Height Weight Arm length Hand span 40-yard dash 20-yard shuttle Three-cone drill Vertical jump Broad jump Bench press
5 ft 9+14 in
(1.76 m)
196 lb
(89 kg)
29+58 in
(0.75 m)
9+18 in
(0.23 m)
4.52 s 4.14 s 6.87 s 35.5 in
(0.90 m)
10 ft 2 in
(3.10 m)
20 reps
All values from NFL Combine.[35]

Carolina Panthers

On April 27, 2013, Barner was drafted by the Carolina Panthers in the sixth round (182nd overall) of the 2013 NFL Draft.[36] In his rookie year, Barner played a limited role on special teams. He had six carries for seven yards and two catches for seven yards.[37]

Philadelphia Eagles

On August 19, 2014, Barner was traded to the Philadelphia Eagles for a conditional seventh round pick in 2015.[38] The trade reunited Barner with his former head coach at University of Oregon, Chip Kelly. He was released on August 30, 2014. On November 4, 2014, he was signed to the Philadelphia Eagles' practice squad.

During the 2015 preseason, Barner attempted to make the roster behind three former NFL starters, DeMarco Murray, Ryan Mathews and Darren Sproles. Looking to make an impact in the return game, Barner found near immediate success. In the first preseason game against the Indianapolis Colts he returned a punt 92 yards for a touchdown to end the second quarter.[39] In the second preseason game against the Baltimore Ravens, he returned another punt for a 68-yard touchdown.[40] He made the roster and ended up with 124 rushing yards and 22 receiving yards in the 2015 season.[41]

Barner played in 13 games in 2016, rushing 27 times for 129 yards and two touchdowns and recorded five receptions for 42 yards while contributing on special teams as a returner.[42] He was placed on injured reserve on December 20, 2016.[43]

Los Angeles Chargers

On March 20, 2017, Barner signed a one-year contract with the Los Angeles Chargers.[44] He was released on September 2, 2017.[45]

Philadelphia Eagles (second stint)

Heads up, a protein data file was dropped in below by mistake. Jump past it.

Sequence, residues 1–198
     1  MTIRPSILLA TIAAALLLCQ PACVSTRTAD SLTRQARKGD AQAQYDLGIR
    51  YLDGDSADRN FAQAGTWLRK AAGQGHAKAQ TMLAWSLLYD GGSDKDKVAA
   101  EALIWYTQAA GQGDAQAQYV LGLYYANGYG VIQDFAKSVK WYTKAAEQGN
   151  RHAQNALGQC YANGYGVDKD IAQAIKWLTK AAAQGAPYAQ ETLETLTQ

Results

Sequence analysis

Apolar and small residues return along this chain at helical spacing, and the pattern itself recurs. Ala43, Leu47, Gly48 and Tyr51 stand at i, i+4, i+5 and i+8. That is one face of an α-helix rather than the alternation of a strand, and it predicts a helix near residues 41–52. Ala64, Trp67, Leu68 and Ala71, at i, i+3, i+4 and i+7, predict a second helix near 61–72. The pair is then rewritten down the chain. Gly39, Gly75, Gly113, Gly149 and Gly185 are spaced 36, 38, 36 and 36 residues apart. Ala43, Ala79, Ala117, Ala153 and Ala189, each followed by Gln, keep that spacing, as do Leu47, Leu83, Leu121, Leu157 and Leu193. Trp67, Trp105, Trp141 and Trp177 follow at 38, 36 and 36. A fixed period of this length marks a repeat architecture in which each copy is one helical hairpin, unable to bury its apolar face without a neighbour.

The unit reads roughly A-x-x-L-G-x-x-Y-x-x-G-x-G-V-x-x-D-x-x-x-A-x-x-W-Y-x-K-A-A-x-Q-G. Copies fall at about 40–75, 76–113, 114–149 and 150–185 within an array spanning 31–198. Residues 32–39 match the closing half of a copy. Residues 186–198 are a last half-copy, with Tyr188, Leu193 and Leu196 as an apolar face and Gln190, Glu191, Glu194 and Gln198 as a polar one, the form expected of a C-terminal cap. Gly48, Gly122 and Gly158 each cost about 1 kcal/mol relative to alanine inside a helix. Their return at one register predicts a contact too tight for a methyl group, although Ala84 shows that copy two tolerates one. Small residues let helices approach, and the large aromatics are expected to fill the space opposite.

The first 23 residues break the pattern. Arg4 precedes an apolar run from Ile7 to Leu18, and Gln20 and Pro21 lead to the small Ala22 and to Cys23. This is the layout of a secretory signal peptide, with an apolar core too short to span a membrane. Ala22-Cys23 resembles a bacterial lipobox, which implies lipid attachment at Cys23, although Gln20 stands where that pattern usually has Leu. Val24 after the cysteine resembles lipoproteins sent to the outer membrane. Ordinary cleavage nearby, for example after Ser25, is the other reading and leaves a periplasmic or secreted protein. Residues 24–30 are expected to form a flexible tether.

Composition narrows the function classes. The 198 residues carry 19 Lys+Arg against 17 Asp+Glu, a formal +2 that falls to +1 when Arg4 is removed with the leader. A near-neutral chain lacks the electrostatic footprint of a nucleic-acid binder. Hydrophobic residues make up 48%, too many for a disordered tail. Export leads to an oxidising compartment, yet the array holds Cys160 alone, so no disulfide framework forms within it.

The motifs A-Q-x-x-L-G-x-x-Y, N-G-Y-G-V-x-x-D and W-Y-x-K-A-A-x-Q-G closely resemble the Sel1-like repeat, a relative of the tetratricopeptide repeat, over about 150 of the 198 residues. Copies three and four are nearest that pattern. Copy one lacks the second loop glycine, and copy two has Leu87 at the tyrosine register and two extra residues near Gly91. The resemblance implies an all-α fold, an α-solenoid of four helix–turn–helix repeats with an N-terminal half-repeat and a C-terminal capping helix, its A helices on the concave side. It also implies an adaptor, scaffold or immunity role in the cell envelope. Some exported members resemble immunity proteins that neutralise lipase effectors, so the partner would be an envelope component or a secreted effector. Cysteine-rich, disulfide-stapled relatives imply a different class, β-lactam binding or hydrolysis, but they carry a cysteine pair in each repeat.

On September 26, 2017, Barner signed a one-year deal with the Philadelphia Eagles after an injury to running back Darren Sproles.[46] In Week 5, Barner averaged 36 yards on three punt returns, including a 76-yarder, in a 34–7 win over the Cardinals, earning him NFC Special Teams Player of the Week.[47] He finished the regular season with 57 rushing yards, one rushing touchdown, 56 receiving yards, 10 kick returns for 194 net yards, and 27 punt returns for 240 net yards.[48] The Eagles finished the season 13–3, clinching the NFC East division.[49] The team reached Super Bowl LII, where they defeated the New England Patriots 41–33, winning their first Super Bowl.[50][51] In the game, Barner had three kick returns for 73 net yards.[52]

Carolina Panthers (second stint)

On May 11, 2018, Barner signed with the Carolina Panthers.[53] He was released on August 31, 2018, as part of final roster cuts.[54]

New England Patriots

On September 11, 2018, Barner signed with the New England Patriots.[55] On September 19, 2018, the Patriots released Barner, but re-signed him a week later after Rex Burkhead was placed on injured reserve.[56][57] He was released again on October 4, 2018 before Barner was re-signed four days later.[58][59] On November 13, 2018, the Patriots released Barner.[60] On June 13, 2019, the Patriots awarded Barner with a Super Bowl LIII ring.[61]